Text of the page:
Far-right candidate sees a France sans kippas, headscarves

No more Muslim women in the Metro wearing the latest in headscarf attire. No more young Jewish boys in kippas dashing into the bakery for the family's dinner baquette.

Far-right leader Marine Le Pen's plan to ban religious symbols from French streets if elected president this spring would dramatically alter the country's urban landscape.

Le Pen gave a real-life demonstration of her far-reaching but little-noticed proposal during a trip this week to Lebanon, refusing to don a head covering for a visit with a Muslim religious leader. She lost out on the meeting but won new publicity just as she is topping polls.

The ban would stigmatize France's large Muslim population anew and force Europe's largest Jewish community to give up a cherished custom.

The far-right leader's bold plans to pull France out of the European Union and exit the euro currency have obscured some elements of the 144 "commitments" in her platform.

Tucked within the list is point 95. It calls for extending a 2004 law banning headscarves and other "ostentatious" religious symbols from the nation's classrooms to all public spaces, including the streets. Only religious workers such as nuns, imams and rabbis would enjoy exceptions.

Le Pen, leader of the anti-immigration National Front party, holds up this measure as her contribution to French secularism, the foundational value behind the 2004 law. A ban on face-covering veils in public followed in 2010.

In both instances, it was well-known that the government was also targeting Muslim fundamentalism, seen as a gateway to violent extremism — just as Le Pen appears to be doing.

Current polls suggest Le Pen could come out on top in the first-round election in April 23 but would lose in the May 7 runoff.

"I consider the headscarf a symbol of a woman's submission," Le Pen told reporters Tuesday at the end of her stay in Beirut, after refusing to cover her head to meet Lebanon's grand mufti, Sheikh Abdel-Latif Derian. "I will not put on the veil."

Enlarging the space where headscarves would be forbidden is an ongoing debate in France. But Le Pen's plan to ban from public spaces even widely worn Muslim headscarves — and kippas for Jews — may be a step too far.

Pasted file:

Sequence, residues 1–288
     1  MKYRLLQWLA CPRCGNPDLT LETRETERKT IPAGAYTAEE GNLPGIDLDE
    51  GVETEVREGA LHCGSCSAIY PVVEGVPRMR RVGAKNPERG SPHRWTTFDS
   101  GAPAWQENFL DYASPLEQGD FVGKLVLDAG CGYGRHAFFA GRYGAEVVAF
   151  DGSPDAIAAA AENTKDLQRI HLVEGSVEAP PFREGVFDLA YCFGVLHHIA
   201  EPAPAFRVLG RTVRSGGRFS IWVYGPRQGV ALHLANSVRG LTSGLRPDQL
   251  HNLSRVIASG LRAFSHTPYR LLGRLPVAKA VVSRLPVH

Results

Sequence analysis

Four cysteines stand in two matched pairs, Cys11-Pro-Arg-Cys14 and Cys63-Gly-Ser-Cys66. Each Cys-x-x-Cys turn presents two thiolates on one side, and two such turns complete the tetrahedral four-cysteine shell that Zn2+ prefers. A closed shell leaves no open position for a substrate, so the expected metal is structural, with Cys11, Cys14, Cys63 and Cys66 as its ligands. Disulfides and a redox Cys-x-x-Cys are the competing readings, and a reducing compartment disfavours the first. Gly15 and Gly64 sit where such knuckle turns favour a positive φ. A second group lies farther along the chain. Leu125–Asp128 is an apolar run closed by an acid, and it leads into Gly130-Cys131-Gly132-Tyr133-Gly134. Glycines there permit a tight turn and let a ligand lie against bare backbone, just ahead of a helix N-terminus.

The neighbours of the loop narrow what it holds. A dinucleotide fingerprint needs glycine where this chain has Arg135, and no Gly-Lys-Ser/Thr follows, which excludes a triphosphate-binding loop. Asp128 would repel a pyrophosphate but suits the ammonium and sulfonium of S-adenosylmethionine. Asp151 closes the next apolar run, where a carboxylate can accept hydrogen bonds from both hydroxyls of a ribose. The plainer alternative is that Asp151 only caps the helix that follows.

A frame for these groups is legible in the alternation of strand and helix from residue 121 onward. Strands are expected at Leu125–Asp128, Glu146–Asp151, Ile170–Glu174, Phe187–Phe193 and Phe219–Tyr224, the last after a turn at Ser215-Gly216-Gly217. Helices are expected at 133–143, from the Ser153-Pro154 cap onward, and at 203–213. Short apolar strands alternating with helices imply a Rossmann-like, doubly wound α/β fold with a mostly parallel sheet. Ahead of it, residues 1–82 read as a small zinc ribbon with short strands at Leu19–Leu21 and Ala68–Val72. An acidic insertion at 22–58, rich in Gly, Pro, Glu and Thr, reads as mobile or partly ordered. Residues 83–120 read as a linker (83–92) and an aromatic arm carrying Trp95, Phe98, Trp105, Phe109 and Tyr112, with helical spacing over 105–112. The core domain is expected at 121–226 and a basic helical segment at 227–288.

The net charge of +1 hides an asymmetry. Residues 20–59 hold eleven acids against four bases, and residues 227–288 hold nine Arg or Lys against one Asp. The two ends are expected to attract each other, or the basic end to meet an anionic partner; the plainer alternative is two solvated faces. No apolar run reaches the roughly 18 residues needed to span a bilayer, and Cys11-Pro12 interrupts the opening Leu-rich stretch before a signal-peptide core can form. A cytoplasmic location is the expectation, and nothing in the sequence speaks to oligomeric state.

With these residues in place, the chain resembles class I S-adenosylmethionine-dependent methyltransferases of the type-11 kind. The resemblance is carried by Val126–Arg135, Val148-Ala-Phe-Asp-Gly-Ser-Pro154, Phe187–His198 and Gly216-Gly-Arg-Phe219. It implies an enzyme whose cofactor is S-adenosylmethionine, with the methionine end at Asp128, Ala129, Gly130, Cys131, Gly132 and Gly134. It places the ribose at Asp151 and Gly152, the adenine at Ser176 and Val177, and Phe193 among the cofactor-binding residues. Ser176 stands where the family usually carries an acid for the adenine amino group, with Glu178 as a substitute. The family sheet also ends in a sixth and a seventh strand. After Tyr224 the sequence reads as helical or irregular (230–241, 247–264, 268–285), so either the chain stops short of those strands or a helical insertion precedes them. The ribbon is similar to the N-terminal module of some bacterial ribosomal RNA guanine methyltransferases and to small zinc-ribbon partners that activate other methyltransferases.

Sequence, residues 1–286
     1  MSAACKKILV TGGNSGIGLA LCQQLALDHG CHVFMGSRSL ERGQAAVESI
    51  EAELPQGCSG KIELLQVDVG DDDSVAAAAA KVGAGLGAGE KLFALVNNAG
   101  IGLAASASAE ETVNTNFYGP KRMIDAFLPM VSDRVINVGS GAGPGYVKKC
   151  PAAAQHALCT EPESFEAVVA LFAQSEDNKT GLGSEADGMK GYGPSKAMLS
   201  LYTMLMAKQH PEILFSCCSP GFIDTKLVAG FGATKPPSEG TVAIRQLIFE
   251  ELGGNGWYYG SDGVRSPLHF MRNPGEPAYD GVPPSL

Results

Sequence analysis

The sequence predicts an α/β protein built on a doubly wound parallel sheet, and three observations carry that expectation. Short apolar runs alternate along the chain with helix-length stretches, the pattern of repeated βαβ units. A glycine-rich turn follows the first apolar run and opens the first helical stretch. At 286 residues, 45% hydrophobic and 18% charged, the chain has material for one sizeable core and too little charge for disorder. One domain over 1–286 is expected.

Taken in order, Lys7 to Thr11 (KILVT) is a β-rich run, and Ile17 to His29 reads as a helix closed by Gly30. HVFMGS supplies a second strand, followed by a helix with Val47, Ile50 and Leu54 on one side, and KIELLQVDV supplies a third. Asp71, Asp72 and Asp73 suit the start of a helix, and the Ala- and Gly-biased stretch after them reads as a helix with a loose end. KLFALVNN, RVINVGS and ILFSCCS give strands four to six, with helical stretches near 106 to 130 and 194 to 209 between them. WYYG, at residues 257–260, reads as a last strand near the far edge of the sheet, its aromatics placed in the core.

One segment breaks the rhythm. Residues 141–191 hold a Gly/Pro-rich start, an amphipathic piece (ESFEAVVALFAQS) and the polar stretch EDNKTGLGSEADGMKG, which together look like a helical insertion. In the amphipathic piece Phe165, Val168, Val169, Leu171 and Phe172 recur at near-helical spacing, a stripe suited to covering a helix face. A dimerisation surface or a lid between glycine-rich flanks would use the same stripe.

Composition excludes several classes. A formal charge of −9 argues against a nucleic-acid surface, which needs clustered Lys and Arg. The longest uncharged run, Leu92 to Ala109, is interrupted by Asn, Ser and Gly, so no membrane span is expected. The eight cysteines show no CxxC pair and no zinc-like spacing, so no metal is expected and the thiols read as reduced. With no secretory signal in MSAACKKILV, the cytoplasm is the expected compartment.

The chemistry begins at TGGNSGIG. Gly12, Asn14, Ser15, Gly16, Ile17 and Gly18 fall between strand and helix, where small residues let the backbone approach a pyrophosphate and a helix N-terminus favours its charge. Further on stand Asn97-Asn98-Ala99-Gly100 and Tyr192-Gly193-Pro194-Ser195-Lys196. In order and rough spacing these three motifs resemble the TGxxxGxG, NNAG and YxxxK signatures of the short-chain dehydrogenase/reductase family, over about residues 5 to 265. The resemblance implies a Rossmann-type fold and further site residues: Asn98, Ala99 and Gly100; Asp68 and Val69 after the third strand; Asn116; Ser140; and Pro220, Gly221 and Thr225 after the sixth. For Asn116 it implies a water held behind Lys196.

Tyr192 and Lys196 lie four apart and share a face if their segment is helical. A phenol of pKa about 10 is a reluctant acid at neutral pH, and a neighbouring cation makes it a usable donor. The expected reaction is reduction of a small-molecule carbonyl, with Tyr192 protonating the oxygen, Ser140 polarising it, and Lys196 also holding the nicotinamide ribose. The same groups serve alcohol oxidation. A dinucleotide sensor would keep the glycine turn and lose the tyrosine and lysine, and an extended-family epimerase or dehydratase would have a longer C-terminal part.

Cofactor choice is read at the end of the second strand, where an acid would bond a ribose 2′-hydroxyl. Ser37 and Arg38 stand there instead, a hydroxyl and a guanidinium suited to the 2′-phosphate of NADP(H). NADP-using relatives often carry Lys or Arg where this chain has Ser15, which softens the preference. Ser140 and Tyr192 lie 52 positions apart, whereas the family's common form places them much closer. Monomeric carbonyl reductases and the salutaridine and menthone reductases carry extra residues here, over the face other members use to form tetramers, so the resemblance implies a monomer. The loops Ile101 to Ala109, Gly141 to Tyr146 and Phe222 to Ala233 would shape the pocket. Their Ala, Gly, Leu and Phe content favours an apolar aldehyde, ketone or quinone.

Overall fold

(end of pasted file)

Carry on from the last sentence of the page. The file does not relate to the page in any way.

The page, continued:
"I know we are asking some of our fellow citizens (for) some sacrifices," said Jean Messiha, a top Le Pen adviser, referring to French Jews. "But I am sure everybody will understand the utility of this sacrifice ... to promote French unity and French peaceful relations in the public space."

Not so fast.

Le Pen has been courting Jews, trying to undo the pariah status her party gained under her father and party founder Jean-Marie Le Pen, who has been repeatedly convicted of anti-Semitism and racism. Last month, Marine Le Pen even sent a top official on a private visit to Israel where he met discreetly with a government minister.

But for the Representative Council of Jewish Institutions of France, or CRIF, Le Pen and her party remain taboo. She was the only leading presidential candidate not invited to CRIF's annual dinner Wednesday.

"They are the defenders of xenophobia, populism, racism and, of course, anti-Semitism in French society today," CRIF Vice-President Yonathan Arfi said.

Her proposal amounts to an attack on expressing individual identity, Arfi told The Associated Press. "It is to tell the French that with us, you will no longer see in the streets foreigners, all those you feel are disturbing your vision of French society."

French Muslims fear their estimated 5 million-strong population could face an escalation of Islamophobia even if many don't cover their heads.

The streets are "the most fundamental area of freedom," said Marwan Muhammad, head of the Collective against Islamophobia in France, which helped Muslim women mount successful legal battles last summer against bans on burkini swimsuits on numerous municipal beaches.

"Islamophobia doesn't only impact Muslims. It impacts society at large because it destroys something fundamental — liberty," he said.

Critics note there has been no mention of Christian signs in the ban proposal.

"Big crosses don't exist. Christian religions don't have ostentatious signs," Le Pen said on a recent television program. "In reality it is we who invented secularism."

France's principle of secularism was established in 1905 to bring peace between powerful Roman Catholic clerics and the state. It is now written into the constitution.

Richard Abitbol, head of the Confederation of Jews of France and Friends of Israel, says Le Pen's proposal is less dramatic than some think, in part because many Jews have already exchanged the kippa for a hat out of fear of becoming a target of anti-Semitic attacks. His group, unlike CRIF, has not put the National Front on a black list.

However, he added, "The day they forbid circumcision in France there will be no more Jews in France."



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